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Cobb v. Madlock

United States District Court, E.D. Missouri, Southeastern Division

June 25, 2019

DERRICK COBB, Plaintiff,
TRACY MADLOCK, et al., Defendants.



         This matter is before the Court on the motion of plaintiff Derrick Cobb, a prisoner, for leave to commence this civil action without prepayment of the required filing fee. Having reviewed the motion and the financial information submitted in support, the Court has determined to grant the motion, and assess an initial partial filing fee of $27.89. See 28 U.S.C. § 1915(b)(1). Additionally, as fully explained below, the Court will partially dismiss the complaint, and direct the Clerk of Court to issue process upon defendants Donna Wigfall, Omar Clark, and Cindy Griffith on plaintiffs claims that are premised upon the denial of due process.

         28 U.S.C. § 1915(b)(1)

         Pursuant to 28 U.S.C. § 1915(b)(1), a prisoner bringing a civil action in forma pauperis is required to pay the full amount of the filing fee. If the prisoner has insufficient funds in his prison account to pay the entire fee, the Court must assess and, when funds exist, collect an initial partial filing fee of 20 percent of the greater of (1) the average monthly deposits in the prisoner's account, or (2) the average monthly balance in the prisoner's account for the prior six-month period. After payment of the initial partial filing fee, the prisoner is required to make monthly payments of 20 percent of the preceding month's income credited to the prisoner's account. 28 U.S.C. § 1915(b)(2). The agency having custody of the prisoner will forward these monthly payments to the Clerk of Court each time the amount in the prisoner's account exceeds $10.00, until the filing fee is fully paid. Id.

         In support of the instant motion, plaintiff submitted an inmate account statement showing an average monthly deposit of $108.41, and an average monthly balance of $139.45. The Court will therefore assess an initial partial filing fee of $27.89, which is twenty percent of plaintiff s average monthly balance.

         Legal Standard on Initial Review

         Under 28 U.S.C. § 1915(e)(2), the Court is required to dismiss a complaint filed in forma pauperis if it is frivolous, malicious, or fails to state a claim upon which relief may be granted. An action is frivolous if it "lacks an arguable basis in either law or fact." Neitzke v. Williams, 490 U.S. 319, 328 (1989). An action fails to state a claim upon which relief may be granted if it does not plead "enough facts to state a claim to relief that is plausible on its face." Bell Atlantic Corp. v. Twombly, 550 U.S. 544, 570 (2007).

         "A claim has facial plausibility when the plaintiff pleads factual content that allows the court to draw the reasonable inference that the defendant is liable for the misconduct alleged." Ashcroft v. Iqbal, 556 U.S. 662, 678 (2009). Determining whether a complaint states a plausible claim for relief is a context-specific task that requires the reviewing court to draw upon judicial experience and common sense. Id. at 679. The court must assume the veracity of well-pleaded facts, but need not accept as true "[t]hreadbare recitals of the elements of a cause of action, supported by mere conclusory statements." Id. at 678 (citing Twombly, 550 U.S. at 555).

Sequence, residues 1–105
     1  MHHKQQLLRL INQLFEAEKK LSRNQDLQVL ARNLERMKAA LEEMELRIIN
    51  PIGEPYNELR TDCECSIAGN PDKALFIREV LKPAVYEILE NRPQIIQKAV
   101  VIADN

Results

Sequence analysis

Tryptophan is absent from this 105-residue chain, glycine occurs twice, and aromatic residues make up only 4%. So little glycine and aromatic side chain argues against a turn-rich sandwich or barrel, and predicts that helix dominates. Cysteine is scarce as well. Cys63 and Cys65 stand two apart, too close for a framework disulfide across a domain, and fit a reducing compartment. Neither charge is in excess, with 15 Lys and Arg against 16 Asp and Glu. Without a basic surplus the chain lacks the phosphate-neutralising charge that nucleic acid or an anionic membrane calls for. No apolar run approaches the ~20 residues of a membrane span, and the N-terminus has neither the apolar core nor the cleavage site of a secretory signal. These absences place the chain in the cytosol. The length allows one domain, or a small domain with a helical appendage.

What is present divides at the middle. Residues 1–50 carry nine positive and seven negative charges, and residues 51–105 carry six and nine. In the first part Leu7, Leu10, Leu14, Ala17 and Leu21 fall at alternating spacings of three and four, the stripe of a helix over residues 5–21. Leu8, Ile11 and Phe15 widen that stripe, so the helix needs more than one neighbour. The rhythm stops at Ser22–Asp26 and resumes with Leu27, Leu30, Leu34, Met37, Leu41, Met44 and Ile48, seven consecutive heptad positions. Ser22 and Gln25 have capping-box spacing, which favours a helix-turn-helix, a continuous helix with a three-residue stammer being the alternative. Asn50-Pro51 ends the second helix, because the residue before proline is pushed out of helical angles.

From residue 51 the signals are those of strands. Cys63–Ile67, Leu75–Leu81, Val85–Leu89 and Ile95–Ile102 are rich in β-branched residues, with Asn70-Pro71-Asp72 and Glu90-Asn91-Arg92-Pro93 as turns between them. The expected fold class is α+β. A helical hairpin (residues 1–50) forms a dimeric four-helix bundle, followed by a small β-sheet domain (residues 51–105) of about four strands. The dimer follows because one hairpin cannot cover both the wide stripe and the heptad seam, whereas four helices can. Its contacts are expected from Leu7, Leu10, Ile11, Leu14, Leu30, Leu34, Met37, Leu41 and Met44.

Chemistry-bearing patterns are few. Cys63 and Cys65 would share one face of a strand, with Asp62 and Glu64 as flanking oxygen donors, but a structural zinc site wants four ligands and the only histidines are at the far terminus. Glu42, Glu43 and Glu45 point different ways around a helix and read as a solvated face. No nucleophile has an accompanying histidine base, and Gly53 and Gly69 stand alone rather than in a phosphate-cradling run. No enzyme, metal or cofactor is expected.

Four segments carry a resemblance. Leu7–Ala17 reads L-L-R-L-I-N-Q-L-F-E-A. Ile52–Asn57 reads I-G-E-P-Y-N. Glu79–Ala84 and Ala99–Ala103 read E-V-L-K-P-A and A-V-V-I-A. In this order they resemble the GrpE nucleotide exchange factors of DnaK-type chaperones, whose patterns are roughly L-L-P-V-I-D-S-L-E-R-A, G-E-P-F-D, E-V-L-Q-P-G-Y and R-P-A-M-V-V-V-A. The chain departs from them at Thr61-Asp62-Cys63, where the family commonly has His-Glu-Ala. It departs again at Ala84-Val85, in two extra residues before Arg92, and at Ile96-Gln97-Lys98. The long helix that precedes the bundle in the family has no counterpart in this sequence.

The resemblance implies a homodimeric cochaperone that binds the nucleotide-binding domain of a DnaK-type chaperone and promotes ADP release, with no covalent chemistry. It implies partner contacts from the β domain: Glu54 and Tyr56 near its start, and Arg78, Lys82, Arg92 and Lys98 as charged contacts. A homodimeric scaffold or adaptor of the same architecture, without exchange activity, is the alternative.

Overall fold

This Court must liberally construe complaints filed by laypeople. Estelle v. Gamble, 429 U.S. 97, 106 (1976). This means that "if the essence of an allegation is discernible," the court should "construe the complaint in a way that permits the layperson's claim to be considered within the proper legal framework." Solomon v. Petray, 795 F.3d 777, 787 (8th Cir. 2015) (quoting Stone v. Harry, 364 F.3d 912, 914 (8th Cir. 2004)). However, even pro se complaints must allege facts which, if true, state a claim for relief as a matter of law. Martin v. Aubuchon, 623 F.2d 1282, 1286 (8th Cir. 1980). Federal courts are not required to assume facts that are not alleged, Stone, 364 F.3d at 914-15, nor are they required to interpret procedural rules so as to excuse mistakes by those who proceed without counsel. See McNeil v. United States, 508 U.S. 106, 113 (1993).

         The Complaint

         Plaintiff brings this action pursuant to 42 U.S.C. § 1983 against four defendants, all of whom are employed by the Missouri Department of Corrections ("MDOC"): Tracy Madlock (a corrections officer and the mailroom supervisor), Donna Wigfall (Function Unit Manager), Omar Clark (Warden or Assistant Warden), and Cindy Griffith (Deputy Division Director of Adult Institutions). He sues the defendants in their official and individual capacities.

         The events giving rise to plaintiffs claims occurred when he was incarcerated at the Southeast Correctional Center ("SECC"). They concern a single occasion in June of 2018 when mail sent to him by the St. Louis City Circuit Court was rejected, and he was not notified. Plaintiff alleges this violated his right of access to the courts, and his right to due process.

         Plaintiff begins by providing what he calls a "Brief Summary of the Case," in which he writes:

In this complaint, Plaintiff alleges that the Circuit Court for the City of St. Louis, Missouri, mailed sent him a letter or legal documents possibly relating to the Rule 29.15 post-conviction motion he mailed to the court in June 2018. However, prison staff working in SECC mailroom did not deliver the legal letter or legal documents to Plaintiff. Nor, did the prison staff notify Plaintiff that some incoming legal mail had arrived for him and was being rejected. Instead, the SECC mailroom staff returned the incoming legal ...

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